24 May 1994

First Ocean Passage

The Days of Our Lives.......

by Trude Mattingly
s/v "Vela Dare"

It's May 18th, 1994 and as I write this letter, Micheal is elbow deep in the bilge replacing the switch for the bilge pump and not happy about it, I must say. Ah, the romance of cruising. We're in Nuku'alofa on the island of Tongatapu in the Kingdom of Tonga. We arrived several days ago after a passage from New Zealand that took 12 days and covered 1,100 miles. After all these months, I believe we are cruising now.

Let me see, where shall I begin......Several months ago we joined up with the Island Cruising Association's New Zealand to Tonga Cruising Regatta. We thought this would be a good way to enter the cruising life and well you know, we just couldn't resist a regatta. The regatta organizers did a great job with seminars on blue water safety, navigation, provisioning and search and rescue procedures. They also arranged for the delivery of duty free alcohol and customs clearance at the marina. What more could you ask for? A good crew. Bill and Therese Davenport agreed to crew for us and arrived fresh as daisies, as planned on the 26th of April. Oh boy! We immediately took off for an overnight at Kawau Island to go over all of the systems on the boat and also to show Bill and Therese a bit of the Hauraki Gulf.

April 30th, departure day. The day brought clear skies and no wind. We decided to start early. So we motored......all day. At dusk we were just off of Great Barrier Island and decided to stay the night rather than continue to motor. Looking back, this was probably our biggest mistake. We dropped the hook just as we lost all light and spent a marvelous night at Smokehouse Bay. Bill conducted an in-the-cockpit seminar on southern hemisphere star and constellation identification. Bright and early the next day we set off...there was no turning back. And we motored........all day. This was not what we had in mind. Let's see, when did we start sailing.....I think we tried to sail a couple of times during the first three days but there just wasn't any wind. Our weather at the time was being influenced by a huge stationery high pressure system just east of New Zealand. Most of the fleet continued to motor for the first three days and gained hundreds of miles on us. There were a few boats that were stubborn, like us and tried to sail: Sea-D, FreeTime and Rarirangi II.

The third day out, while motoring, we caught two tuna; one at dawn and one at dusk. The magic Kiwi -squidly lure was finally working! Tuna #1 weighed in at about 7-10 lbs while tuna #2 was estimated at about 35+ lbs. I earned the Weblo medal for fish cleaning that day. Needless to say, we ate some mighty fine tuna. Did you know that the quickest way to immobilize a fish is to pour alcohol on it's gills? Works like a charm and you don't have to beat the poor fish senseless. This was the day we met up with the fellows from Rarirangi II. I remember the situation well; the sea was flat clam. It was late afternoon, near sunset and you could not tell where the sky ended and the sea began. It was a world of iridescent gold, blue and purple. Some thought it was beautiful while I thought it had an ominous quality. Anyway, we had more tuna than we could ever hope to eat so we hailed a boat sighted on the horizon. A few minutes later we were side by side with Rarirangi II and passed them half of the tuna. The boat was a simple boat, nothing fancy but she looked sturdy. Her crew consisted of three salty Kiwis who appeared to be in their 60's or 70's. We found out later they were surgeons on holiday. They thanked us, gave us some smoked fish and disappeared into the twilight.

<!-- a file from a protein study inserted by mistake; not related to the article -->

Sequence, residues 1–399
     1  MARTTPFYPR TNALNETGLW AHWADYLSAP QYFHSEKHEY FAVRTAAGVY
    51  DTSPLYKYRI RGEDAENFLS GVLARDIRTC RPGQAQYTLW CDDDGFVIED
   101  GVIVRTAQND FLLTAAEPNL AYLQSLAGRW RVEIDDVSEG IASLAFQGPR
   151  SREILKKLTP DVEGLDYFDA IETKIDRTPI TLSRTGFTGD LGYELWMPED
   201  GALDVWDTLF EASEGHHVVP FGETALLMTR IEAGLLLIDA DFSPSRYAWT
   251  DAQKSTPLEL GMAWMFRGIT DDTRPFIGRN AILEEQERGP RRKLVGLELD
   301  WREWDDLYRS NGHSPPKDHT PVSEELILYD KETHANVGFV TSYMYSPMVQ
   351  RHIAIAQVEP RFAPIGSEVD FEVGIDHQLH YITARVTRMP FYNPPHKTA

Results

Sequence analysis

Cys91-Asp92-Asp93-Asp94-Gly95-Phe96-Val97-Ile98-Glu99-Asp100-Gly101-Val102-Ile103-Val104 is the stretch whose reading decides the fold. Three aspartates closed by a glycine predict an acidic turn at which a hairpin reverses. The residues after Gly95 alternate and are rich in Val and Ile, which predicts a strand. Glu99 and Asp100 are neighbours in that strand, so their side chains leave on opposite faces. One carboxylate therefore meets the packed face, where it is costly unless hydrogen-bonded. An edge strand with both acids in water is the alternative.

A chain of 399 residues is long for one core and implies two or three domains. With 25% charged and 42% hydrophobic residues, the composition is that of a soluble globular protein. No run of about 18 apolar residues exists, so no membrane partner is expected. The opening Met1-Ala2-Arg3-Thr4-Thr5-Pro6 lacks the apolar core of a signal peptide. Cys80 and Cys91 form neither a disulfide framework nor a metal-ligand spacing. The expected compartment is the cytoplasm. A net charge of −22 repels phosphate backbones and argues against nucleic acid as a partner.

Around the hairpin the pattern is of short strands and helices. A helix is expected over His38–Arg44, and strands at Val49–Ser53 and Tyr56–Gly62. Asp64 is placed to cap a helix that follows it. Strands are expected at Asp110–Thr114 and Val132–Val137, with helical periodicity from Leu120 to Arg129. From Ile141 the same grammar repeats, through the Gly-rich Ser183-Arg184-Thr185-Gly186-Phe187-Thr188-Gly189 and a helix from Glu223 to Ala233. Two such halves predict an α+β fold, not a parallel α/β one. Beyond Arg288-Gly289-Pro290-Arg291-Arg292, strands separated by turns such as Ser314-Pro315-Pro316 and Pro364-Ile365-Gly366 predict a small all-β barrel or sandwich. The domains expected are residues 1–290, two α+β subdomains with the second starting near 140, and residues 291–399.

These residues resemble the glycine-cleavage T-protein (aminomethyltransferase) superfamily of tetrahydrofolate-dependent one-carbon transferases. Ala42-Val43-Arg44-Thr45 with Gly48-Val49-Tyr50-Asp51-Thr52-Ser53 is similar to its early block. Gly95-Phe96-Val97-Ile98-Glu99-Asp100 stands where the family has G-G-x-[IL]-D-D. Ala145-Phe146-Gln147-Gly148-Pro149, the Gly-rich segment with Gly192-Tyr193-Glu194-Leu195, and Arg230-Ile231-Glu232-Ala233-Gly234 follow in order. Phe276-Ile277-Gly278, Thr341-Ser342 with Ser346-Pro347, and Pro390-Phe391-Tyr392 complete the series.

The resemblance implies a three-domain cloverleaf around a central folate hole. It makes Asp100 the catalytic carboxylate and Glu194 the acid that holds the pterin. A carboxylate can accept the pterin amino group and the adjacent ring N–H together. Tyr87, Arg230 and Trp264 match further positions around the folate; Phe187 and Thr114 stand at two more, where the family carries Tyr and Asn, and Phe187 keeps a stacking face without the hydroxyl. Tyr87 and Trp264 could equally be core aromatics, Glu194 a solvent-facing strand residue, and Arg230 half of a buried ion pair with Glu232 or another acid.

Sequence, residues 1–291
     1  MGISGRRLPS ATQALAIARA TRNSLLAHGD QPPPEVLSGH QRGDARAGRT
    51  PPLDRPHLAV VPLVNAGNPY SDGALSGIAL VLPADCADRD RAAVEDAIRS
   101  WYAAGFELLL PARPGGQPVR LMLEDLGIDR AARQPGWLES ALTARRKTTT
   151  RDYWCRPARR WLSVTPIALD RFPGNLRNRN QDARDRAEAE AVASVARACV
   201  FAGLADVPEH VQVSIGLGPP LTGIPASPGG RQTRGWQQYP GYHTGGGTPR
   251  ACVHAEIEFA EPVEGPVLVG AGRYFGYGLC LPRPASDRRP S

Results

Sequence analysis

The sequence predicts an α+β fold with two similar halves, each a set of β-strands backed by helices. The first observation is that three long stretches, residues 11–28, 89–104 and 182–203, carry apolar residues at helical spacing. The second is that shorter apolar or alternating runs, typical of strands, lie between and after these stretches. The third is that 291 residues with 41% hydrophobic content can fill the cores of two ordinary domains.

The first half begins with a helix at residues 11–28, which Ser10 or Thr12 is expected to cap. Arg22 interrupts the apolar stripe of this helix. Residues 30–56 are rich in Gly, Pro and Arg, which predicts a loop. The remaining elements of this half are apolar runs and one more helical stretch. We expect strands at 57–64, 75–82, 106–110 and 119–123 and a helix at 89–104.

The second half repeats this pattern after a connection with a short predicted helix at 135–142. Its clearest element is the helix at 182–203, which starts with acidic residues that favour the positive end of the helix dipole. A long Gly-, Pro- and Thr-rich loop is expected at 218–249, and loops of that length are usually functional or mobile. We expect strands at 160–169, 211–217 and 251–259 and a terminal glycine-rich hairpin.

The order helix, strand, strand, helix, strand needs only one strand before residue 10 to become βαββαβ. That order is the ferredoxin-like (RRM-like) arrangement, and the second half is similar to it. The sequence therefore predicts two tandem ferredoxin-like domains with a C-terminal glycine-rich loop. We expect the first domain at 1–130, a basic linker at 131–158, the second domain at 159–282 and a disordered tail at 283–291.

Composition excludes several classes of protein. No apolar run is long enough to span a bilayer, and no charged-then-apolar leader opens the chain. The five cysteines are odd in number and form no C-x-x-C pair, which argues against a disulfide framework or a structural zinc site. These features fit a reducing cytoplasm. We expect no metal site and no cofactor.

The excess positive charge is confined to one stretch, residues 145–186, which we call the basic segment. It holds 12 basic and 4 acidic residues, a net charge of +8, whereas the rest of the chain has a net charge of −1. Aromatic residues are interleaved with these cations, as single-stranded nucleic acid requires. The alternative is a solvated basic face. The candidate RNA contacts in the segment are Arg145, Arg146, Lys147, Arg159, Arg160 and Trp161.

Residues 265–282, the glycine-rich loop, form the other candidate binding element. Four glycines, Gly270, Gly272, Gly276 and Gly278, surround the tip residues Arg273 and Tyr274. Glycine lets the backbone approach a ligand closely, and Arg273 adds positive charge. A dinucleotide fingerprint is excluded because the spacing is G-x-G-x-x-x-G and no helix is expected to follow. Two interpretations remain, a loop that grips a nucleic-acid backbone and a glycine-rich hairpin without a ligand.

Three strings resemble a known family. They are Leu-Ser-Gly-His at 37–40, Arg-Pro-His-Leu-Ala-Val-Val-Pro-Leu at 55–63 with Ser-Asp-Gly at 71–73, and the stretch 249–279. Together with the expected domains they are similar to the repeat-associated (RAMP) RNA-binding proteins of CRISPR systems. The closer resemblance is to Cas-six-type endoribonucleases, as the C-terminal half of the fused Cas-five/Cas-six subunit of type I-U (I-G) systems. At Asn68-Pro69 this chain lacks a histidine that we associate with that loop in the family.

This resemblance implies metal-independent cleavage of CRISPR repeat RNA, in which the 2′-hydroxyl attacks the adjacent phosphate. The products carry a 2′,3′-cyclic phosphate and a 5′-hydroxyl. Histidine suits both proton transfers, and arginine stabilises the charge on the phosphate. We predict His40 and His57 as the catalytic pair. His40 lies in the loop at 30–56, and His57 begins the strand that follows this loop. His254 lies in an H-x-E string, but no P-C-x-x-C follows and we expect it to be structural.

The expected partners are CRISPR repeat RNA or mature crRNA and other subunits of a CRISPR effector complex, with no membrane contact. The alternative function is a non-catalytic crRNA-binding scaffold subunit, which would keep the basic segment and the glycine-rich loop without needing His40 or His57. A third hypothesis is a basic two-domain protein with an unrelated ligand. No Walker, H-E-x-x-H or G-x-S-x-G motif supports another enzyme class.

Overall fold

The wind picked up and we began to sail. Yeah! Captain Micheal and his right hand man Bill attempted to change from Ralphalpha (our Alpha electronic auto pilot) to the Monitor wind vane. After much voodoo science, they got Mr. Monitor working. The wind vane works by steering a course relative to the wind which was what we needed since we had to work our way windward. So we began to get into the swing of passage making...hourly log entries, night watch, navigation, all that fun stuff. And then the squalls began and the wind picked up to 20-25. Not a problem, we just reefed the main and rolled in a bit of the genoa from time to time.